iRacing’s Futuristic Off-Road Racer ExoCross Comes Out Next Month. Here’s a Sneak Peek

ExoCross brings iRacing tech and quality to arcade racing—and the results are out of this world.
ExoCross screenshot.
iRacing

iRacing is the gold standard of sim racing, and for good reason. The service has cultivated a high-quality experience, from the technical side of its simulation, to the rendering of its cars and tracks, to—the game’s real ace in the hole—a like-minded community of players invested in racing as cleanly as possible. Over the last few years, iRacing has expanded into new motorsport niches and beyond the PC platform, with releases like World of Outlaws Dirt Racing, its forthcoming dedicated NASCAR title and, most surprisingly, a sci-fi take on rallycross, set on a distant planet. That last one’s called ExoCross, and it’s targeting a July 23 release for PlayStation, Xbox, and PC via Steam.

ExoCross is developed by Germany-based Orontes Games, which iRacing acquired in 2021, running on the studio’s proprietary engine with some enhancements brought over from the circuit-racing side of the business. iRacing Executive Vice President Steve Myers tells us that ExoCross utilizes the same tire and AI code, for example, which may sound surprising given that iRacing is something pros turn laps on when they’re not in real race cars, and ExoCross has more in common with old-school fantasy racers like Rollcage than any form of motorsport that has ever existed.

The thing about ExoCross, though, is that it comes across less like a nondescript arcade racer, and more like a simulation of an experience that isn’t yet possible in the real world. I liken it to Sony’s anti-gravity racing series Wipeout: Sure, we’ll probably never realize that kind of motorsport in many more lifetimes, but if technology did progress to a point where we could fling 10-ton spears at many hundreds of miles per hour several feet off the ground, it’d probably feel something like it does in that game.

ExoCross is considerably more grounded by comparison, however, involving wheeled, all-terrain vehicles powered by fuel-burning V8s kicking up space dust. The fourth-wall-obliterating conceit is that in the future, actual racing’s all but dead and sim racing is losing appeal, primarily because nobody still living had ever witnessed it before. The solution? Send remote-controlled ATVs to tear up the far reaches of the galaxy. Cute.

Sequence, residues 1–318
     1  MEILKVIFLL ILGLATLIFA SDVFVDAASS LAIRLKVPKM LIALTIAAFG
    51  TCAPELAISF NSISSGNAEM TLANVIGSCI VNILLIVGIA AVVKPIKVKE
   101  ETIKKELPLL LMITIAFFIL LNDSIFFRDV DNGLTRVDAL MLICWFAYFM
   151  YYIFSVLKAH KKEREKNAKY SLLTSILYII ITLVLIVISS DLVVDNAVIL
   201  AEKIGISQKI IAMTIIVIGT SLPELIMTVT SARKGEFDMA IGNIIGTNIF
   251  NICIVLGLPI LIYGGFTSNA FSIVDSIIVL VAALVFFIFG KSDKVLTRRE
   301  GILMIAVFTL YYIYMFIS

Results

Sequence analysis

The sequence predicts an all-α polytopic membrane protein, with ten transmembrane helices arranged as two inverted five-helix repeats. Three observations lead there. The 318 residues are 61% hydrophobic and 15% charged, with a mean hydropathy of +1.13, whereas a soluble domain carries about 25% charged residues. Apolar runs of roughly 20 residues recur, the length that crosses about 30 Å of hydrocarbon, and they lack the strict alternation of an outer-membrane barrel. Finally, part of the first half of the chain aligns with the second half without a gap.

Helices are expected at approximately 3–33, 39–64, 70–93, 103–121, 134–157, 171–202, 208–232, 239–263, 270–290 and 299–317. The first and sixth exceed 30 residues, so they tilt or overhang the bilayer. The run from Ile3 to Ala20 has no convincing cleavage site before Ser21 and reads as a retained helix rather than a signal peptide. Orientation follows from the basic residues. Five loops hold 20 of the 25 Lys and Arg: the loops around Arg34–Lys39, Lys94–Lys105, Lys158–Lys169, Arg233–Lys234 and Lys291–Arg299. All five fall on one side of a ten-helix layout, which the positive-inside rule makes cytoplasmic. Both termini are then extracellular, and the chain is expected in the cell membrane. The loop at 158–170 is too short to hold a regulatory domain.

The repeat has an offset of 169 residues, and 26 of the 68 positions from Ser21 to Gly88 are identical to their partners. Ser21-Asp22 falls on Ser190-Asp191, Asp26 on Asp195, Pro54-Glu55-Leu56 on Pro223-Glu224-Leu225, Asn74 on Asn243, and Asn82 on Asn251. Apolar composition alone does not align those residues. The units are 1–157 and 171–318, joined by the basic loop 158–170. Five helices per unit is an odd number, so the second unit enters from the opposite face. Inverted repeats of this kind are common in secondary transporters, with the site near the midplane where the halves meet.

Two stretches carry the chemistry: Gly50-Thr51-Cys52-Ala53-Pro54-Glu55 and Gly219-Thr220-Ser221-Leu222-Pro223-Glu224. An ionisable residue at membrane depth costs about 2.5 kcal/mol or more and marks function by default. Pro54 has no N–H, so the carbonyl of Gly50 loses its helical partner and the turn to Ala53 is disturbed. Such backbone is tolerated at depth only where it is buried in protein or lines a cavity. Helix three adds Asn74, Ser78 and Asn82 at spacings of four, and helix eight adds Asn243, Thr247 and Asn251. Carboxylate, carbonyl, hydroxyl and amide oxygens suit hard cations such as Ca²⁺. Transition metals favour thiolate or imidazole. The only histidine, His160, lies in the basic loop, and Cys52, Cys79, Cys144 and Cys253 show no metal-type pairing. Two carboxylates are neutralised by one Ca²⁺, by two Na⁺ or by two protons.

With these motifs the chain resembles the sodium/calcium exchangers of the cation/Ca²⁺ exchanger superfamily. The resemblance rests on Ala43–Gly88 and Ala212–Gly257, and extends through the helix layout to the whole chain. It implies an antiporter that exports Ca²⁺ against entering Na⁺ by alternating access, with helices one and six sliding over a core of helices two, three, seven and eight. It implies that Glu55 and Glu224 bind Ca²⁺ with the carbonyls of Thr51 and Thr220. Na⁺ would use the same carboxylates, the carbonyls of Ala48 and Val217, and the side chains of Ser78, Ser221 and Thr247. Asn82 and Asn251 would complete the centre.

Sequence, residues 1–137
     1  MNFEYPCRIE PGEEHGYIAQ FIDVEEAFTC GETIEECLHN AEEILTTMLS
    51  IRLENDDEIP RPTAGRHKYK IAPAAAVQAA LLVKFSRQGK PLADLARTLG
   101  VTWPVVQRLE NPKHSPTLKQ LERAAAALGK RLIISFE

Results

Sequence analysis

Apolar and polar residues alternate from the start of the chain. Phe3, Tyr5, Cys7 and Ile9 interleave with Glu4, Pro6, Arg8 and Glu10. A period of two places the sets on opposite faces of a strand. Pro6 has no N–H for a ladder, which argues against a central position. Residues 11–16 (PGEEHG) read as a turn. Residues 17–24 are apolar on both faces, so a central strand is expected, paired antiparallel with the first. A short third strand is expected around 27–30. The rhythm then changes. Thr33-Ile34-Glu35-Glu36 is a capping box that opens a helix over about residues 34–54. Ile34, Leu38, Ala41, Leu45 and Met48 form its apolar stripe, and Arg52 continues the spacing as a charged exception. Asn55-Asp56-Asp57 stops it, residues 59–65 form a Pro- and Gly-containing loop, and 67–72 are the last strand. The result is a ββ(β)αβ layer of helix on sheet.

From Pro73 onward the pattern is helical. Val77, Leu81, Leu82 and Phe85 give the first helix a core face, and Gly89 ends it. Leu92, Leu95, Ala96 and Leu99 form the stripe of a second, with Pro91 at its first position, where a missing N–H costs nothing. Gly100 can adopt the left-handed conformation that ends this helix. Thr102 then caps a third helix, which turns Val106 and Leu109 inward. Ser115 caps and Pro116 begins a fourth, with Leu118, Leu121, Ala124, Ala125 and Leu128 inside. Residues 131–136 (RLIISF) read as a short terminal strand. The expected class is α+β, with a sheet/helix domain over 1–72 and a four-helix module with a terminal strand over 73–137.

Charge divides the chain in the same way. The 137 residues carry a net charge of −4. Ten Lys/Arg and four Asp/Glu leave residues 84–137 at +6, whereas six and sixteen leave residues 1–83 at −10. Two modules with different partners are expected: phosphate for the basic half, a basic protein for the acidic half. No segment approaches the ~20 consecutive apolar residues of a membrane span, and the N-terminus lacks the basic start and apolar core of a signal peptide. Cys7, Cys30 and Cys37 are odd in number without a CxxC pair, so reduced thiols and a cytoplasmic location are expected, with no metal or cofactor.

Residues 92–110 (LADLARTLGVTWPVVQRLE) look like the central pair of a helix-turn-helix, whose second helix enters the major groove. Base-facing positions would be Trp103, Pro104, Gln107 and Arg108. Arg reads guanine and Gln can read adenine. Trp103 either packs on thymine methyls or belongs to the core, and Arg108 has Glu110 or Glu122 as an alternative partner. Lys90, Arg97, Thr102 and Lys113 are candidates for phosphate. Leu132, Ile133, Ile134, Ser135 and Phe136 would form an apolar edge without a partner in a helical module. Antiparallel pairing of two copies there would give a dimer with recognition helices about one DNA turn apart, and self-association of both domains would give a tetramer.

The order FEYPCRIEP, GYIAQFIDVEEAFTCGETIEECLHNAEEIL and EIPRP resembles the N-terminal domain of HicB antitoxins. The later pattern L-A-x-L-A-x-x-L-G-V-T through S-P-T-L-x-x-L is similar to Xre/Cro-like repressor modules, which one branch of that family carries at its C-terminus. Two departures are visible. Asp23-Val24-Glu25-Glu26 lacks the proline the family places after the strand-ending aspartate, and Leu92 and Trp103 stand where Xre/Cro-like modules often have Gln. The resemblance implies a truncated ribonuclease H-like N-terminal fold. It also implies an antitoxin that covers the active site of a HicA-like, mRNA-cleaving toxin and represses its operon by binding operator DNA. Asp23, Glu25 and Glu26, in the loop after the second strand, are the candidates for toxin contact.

That’s really all the story you’ll get, but what little context there is plays out in the form of interstitials between championships in the Career Mode. These don’t accomplish much more than setting the stage, though they are reminiscent of the amazing, comic book-style illustrations from Jet Moto, for my fellow ’90s gamers out there.

As for what ExoCross is like to drive, things are shaping up quite nicely. The build I’ve been playing is still undergoing some final tweaks for wheel handling, but it plays perfectly on a controller. Again, this is no simulation, but aspects of the dynamics—weight transfer, the way throttle impacts oversteer on loose surfaces, and so on—feel natural and predictable, because they’re rooted in reality. That makes nailing drifts oh-so satisfying. Couple those sensations with solid track design mixing various surface types and multiple paths winding through neon-colored intergalactic flora, and ExoCross aces the fundamentals a game like this ought to. It figures to really come alive in multiplayer. Plus, it runs wonderfully. I’ve got it on Ultra settings across the board on my rig (Ryzen 7 5800X3D CPU, RTX 3070 GPU), and it’s still maxing out my monitor’s 165Hz refresh rate at 1440p.

If there’s one concern I have about ExoCross at the moment, it’s that I wish there was more of it. This game was in development under the title DRAG Outer Zones before iRacing bought Orontes, and at launch it’ll consist of four locales with four to five track configurations a piece, and three vehicles very much stratified into the “Beginner, Advanced, Expert” archetype of arcade racers from 30 years ago. As charming as that is, ExoCross is crying out for features like vehicle upgrading, or maybe some sort of strategic wrinkle to the racing itself, like Fast RMX’s color phasing. (In that game, you can go faster or gain access to certain portions of the track if you toggle from one “phase” to the other. It makes more sense when you see it in action.)

Hell, the expansion of the ExoCross universe itself could be really cool. The Jet Moto epiphany I mentioned earlier was exciting for me because that game had an exceptionally badass energy about it—these riders competing for different teams, all superheroes and villains in their own right, amid a background of shredding guitars. I hoped that’s what ExoCross was setting up for with its intro film, but Orontes isn’t tapping into the narrative potential, at least not yet. I know story isn’t exactly iRacing’s bag, but the physics are obviously sorted; it’s those other, more artful qualities of the experience that could really take things to the next level.

At the moment, you can change colors and numbers, but that’s really all the vehicle customization there is.

iRacing

Regardless, ExoCross is a promising start for iRacing’s ambitions beyond sim racing, and I’m happy it’s taken this step. It doesn’t matter how realistic a racing game is—the polish needs to be there, whether you’re aiming to replicate something or nothing at all. The team behind ExoCross appears to understand this. If this game’s scope is narrower to facilitate that quality, fair enough, but it has me even more excited for what iRacing and Orontes get up to in the future.

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